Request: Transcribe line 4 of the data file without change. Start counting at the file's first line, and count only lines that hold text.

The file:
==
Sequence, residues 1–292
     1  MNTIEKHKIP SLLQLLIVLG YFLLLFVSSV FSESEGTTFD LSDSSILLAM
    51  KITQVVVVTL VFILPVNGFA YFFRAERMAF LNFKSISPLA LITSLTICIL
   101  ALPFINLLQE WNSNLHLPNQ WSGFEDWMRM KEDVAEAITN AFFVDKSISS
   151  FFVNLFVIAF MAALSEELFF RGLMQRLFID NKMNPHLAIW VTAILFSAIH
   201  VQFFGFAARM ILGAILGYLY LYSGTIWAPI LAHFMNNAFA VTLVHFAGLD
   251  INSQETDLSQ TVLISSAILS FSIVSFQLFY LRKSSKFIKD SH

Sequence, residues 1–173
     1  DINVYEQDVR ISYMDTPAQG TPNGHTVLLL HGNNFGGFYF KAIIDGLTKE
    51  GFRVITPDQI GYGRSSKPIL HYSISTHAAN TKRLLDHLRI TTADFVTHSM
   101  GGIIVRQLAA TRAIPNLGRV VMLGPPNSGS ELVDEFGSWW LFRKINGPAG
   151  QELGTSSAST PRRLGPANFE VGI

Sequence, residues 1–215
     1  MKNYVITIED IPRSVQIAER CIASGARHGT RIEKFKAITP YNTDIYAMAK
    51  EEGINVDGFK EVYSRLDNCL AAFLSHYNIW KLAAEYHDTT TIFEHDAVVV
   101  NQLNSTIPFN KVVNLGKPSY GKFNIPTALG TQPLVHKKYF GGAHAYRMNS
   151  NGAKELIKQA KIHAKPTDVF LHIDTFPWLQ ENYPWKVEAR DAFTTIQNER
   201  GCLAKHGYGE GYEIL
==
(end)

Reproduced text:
   101  ALPFINLLQE WNSNLHLPNQ WSGFEDWMRM KEDVAEAITN AFFVDKSISS